So I’m reading a new book, surprise! NutureShock by Po Bronson and Ashley Merryman. OMG, it is amazing! I was going on and on about it to Bycemaster last night when he ever so politely says, why don’t you blog about it? Was he getting sick of hearing about it? Possibly. Was he very kindly and politely asking me to stop? Probably. Was he right? Definitely!

Every chapter so far has been amazing. Last night was the sleep chapter, I was ironically staying up late to read. But it was so fascinating, and validating! (See kids, mommy DOES know what she’s talking about!) When they studied elementary students they discovered just one hours difference in sleep a night resulted in a two grade level reduction in performance, 2 grade levels! Here’s the quote “a slightly sleepy sixth=grader will perform in class like a mere fourth-grader. A loss of one hour of sleep is equivalent to [the loss of] two years of cognitive maturation and development.” Sleep deprived kids also had problems with impulse control, concentration, emotional stability, and were more likely to be obese. To quote the authors again “The surprise is not merely that sleep matters – but how much it matters, demonstrably, not just to academic performance and emotional stability, but to phenomena that we assumed to be entirely unrelated, such as the international obesity epidemic and the rise of ADHD.” Wow.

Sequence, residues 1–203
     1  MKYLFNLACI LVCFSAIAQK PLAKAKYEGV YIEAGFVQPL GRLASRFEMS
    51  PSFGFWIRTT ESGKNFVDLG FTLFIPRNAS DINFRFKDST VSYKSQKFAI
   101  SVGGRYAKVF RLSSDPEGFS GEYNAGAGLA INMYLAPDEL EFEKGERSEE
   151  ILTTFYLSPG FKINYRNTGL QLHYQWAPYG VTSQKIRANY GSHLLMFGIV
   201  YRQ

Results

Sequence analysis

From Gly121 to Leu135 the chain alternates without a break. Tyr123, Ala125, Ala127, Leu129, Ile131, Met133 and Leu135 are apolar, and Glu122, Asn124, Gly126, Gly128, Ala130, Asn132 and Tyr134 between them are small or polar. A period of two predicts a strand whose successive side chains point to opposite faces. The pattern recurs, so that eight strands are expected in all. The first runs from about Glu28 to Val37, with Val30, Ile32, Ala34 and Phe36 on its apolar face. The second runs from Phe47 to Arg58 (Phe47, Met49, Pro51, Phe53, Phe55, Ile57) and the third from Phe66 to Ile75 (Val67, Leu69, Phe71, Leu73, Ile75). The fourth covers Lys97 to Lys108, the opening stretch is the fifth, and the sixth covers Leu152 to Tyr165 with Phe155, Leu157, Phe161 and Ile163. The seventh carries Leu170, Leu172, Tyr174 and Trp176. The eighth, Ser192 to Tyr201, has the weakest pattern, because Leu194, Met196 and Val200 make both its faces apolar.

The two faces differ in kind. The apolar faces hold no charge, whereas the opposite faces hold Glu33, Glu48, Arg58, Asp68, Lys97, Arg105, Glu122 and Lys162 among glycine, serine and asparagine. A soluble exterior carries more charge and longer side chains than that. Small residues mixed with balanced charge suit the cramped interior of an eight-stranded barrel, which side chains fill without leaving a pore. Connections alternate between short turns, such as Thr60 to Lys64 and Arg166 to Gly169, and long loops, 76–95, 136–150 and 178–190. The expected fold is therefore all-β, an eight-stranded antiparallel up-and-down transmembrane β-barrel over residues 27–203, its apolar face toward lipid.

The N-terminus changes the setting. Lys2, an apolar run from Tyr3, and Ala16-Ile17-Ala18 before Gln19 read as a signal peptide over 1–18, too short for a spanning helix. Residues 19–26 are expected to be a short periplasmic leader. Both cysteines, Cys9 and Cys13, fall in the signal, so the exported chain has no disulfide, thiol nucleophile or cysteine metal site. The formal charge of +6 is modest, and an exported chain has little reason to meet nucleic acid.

After a number of melt down incidents we had over here last week and then our discovery that said incidentor (like that new word, Bycemaster would be proud) had been getting up an extra hour earlier all week, this totally rang true. It truly was a complete regression in “cognitive maturation and development,” which is really frustrating when you know how old they are supposed to be! It’s possible this experience could be exponential in adults…just throwing that out there. I mean you can see it right? It could explain A LOT. Just speculation people!

However, the fact “that sleep-deprived people fail to recall pleasant memories, yet recall gloomy memories just fine” (I haven’t quoted someone so much since my college paper writing days!) is not speculation. Ok excuse my nerd out here, but they actually explained why this is happening and I must at least attempt to pass it on (you really need to read this book people!). So our brain processes and stores the information from the day while we are sleeping. How the person feels about a memory determines what part of the brain processes it. Your amygdala processes your negatives memories/events and positive or neutral stimuli are processed by your hippocampus. But when you get too little sleep the hippocampus suffers first and hardest. Leaving you with a brain full of negativity and little capacity to even add anything neutral or positive to the mix the next day. The situation is compounded for kids due to the different quantities of sleep stages they have at night. The surly teenager stereotype is beginning to make much more sense. I mean I know what I was like as a teenager, I wasn’t nicknamed ice princess for nothing. I was also sleeping 6 or less hours a night for years. My already existing plan of enforcing naps in my teenagers has now been set in stone.